More and more it seems, that when it comes to domestic honours, the middling clubs can reach the final but cannot expect to win anything, not these days. It seems from this that Villa’s transition must consist of learning to come second and not being put off by that inevitability. Coming second is the difficult first phase and every League Cup winner except Wolves have had to come second, at some time, (Arsenal & ManU 4 times each), before enjoying ultimate glory. I have always considered Villa’s reaction to coming second in the FA cup (2000) and subsequent retrenchment, revealed the lack of real courage at the heart of the club.

Coming second and not being daunted by it, seems the real measure of solid long-term ambition.

Of course, we are all hoping that when Villa come to replace Angel, who departed for the US of A this week, that they show some ambition. Angel in his pomp, was undoubtedly a class act and often amongst squads consisting of too many journeymen, he stood out like the proverbial silver tanner in a chimney-sweep’s ear. Like many Villa strikers in recent years, he was expected to thrive on rather meagre service and spent a lot of his energies doing mundane work in midfield. His link-up play could be excellent but which inevitably tended to take him away from goal. He was never blessed with great pace but his excellent touch and intelligence made him very effective. He was famously picked out for special treatment by Birmingham City in their first Premiership encounter with Villa and Darren Purse produced the sort of x-certificate tackle from behind, thought to have been eliminated from the game. Not being a very physical player, seemed to make him unpopular with Graham Taylor and it was only when David O’Leary arrived that he produced his best form and scored 16 goals in the season 2004-2005. He was undoubtedly well rewarded by Villa and was often reported as Villa’s biggest earner but his goals went a long way to ensuring Villa’s Premiership status, when it was too often in doubt. A knee-injury seemed to rob him of the little pace he had and he has struggled ever since. He was obviously on a very good contract with Villa and I am sure it was an important factor, in determining his personal contentment and loyalty to the club. He could obviously continue to play a very important role at some level in the British game but I am a little relieved that he has chosen to chase the dollar in America, rather than add glamour to one of Villa’s rivals. I wish him luck and will always have happy memories of him. He shares the same birthday (24th Oct) as Wayne Rooney and Roman Abramovich: not many people know that.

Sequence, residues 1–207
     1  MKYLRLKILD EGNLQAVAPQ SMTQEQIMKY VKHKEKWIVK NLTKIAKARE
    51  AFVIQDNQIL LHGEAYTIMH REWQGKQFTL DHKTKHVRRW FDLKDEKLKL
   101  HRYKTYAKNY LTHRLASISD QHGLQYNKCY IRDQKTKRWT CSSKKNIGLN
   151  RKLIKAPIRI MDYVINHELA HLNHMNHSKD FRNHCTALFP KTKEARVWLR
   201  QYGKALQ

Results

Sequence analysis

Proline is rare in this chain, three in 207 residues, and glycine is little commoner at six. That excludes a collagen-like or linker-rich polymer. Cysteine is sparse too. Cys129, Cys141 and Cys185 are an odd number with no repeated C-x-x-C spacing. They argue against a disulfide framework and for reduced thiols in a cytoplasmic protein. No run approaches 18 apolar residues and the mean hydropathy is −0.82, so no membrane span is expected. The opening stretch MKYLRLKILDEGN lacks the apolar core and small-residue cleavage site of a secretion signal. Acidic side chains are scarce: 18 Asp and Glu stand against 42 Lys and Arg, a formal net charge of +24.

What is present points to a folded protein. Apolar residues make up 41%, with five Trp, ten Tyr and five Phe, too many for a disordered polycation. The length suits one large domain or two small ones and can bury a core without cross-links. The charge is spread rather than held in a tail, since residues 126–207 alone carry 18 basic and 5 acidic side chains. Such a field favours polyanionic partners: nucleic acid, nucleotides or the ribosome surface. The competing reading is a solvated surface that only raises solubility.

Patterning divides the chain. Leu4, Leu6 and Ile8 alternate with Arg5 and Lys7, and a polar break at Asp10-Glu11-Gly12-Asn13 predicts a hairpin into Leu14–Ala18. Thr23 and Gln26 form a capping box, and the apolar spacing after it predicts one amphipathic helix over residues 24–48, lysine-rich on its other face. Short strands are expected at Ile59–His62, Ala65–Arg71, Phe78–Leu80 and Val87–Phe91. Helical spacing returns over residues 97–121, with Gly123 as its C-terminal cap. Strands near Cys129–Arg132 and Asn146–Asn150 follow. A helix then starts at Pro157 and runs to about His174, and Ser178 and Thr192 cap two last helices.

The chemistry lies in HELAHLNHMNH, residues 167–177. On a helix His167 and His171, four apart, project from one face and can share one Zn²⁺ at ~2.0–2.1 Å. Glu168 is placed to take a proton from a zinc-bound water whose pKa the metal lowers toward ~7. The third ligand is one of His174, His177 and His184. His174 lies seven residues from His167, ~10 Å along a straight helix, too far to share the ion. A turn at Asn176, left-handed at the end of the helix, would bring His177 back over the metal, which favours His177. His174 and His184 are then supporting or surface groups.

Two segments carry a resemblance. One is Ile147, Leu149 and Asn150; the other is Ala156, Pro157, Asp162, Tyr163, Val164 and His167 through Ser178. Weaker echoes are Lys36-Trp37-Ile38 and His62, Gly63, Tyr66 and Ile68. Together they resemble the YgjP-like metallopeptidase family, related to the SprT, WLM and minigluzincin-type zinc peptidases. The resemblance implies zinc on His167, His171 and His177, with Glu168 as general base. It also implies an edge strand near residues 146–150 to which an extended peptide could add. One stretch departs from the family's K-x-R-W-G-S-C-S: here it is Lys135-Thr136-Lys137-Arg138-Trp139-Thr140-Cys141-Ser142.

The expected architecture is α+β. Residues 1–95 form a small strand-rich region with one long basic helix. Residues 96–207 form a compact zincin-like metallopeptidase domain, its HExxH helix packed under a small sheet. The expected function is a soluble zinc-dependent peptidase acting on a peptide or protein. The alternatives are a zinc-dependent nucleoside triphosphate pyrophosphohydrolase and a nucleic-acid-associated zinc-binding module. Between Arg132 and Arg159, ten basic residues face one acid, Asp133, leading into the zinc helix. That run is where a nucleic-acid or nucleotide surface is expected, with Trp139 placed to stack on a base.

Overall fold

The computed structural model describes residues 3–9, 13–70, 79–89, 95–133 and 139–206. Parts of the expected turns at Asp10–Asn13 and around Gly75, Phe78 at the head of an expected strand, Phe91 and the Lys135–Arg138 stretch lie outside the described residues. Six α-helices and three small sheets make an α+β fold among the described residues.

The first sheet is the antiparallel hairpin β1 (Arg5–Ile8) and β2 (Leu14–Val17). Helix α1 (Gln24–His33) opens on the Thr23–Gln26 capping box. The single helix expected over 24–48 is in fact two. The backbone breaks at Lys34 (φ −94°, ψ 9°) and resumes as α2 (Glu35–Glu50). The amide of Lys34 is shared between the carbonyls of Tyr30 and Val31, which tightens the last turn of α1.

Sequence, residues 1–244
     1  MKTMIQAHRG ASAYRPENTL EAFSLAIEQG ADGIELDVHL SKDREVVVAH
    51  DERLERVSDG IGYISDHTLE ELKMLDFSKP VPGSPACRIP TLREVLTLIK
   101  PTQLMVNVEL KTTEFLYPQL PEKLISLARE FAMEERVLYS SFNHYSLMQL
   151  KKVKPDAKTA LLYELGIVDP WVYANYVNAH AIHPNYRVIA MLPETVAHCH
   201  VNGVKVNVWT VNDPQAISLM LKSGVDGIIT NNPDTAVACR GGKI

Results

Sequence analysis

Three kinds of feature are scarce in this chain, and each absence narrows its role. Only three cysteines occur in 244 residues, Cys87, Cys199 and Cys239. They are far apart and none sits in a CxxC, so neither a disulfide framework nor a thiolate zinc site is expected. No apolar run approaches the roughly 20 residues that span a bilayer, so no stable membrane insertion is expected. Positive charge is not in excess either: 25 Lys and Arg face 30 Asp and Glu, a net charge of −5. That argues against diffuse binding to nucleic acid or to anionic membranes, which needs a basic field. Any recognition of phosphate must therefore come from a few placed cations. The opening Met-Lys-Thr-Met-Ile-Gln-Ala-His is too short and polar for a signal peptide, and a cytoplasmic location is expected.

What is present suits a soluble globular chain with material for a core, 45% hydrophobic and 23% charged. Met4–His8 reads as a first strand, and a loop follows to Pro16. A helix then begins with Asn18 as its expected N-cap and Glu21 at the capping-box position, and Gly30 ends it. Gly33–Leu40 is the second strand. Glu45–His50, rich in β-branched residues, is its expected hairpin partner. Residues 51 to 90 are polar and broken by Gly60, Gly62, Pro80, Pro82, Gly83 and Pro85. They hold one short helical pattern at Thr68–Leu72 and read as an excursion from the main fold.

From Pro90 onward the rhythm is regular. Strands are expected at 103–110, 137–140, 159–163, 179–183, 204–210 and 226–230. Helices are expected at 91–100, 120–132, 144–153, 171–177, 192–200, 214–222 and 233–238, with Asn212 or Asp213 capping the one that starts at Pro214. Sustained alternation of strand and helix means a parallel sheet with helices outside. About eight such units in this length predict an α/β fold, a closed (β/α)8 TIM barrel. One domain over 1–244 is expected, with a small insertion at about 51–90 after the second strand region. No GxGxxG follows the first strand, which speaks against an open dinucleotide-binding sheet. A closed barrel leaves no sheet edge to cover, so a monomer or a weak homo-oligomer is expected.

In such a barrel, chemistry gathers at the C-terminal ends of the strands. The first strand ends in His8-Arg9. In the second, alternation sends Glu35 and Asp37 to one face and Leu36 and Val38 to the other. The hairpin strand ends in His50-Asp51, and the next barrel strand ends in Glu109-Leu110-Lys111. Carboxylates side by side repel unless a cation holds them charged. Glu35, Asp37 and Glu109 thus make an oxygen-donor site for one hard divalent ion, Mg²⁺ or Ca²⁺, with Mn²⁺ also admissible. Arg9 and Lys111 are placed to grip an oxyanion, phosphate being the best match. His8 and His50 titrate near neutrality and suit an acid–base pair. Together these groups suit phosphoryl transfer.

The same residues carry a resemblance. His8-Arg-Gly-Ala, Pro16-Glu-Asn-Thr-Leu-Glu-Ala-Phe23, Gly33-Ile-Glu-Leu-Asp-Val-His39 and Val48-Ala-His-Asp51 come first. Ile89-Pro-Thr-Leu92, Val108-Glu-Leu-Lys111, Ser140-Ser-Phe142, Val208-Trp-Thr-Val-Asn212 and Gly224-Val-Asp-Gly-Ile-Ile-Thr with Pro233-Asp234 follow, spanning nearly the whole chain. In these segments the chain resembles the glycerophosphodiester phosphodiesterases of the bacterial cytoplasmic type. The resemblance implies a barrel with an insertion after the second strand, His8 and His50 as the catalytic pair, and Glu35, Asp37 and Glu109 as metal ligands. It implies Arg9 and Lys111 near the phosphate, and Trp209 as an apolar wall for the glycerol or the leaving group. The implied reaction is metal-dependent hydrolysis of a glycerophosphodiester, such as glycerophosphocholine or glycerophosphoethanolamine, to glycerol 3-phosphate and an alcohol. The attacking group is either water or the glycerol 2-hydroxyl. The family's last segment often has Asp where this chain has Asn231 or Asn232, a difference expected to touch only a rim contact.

Seeing his goal against Chelsea on Youtube again, had me saying out loud –

By Steve Wade


2 Replies to “Something For Weekend (136)”

  • I cant wait for Villa to break the stranglehold Manyoo and CSKAhelsea have on domestic trophies, I just want to see the Villa Captain once again walking up the steps to receive a trophy.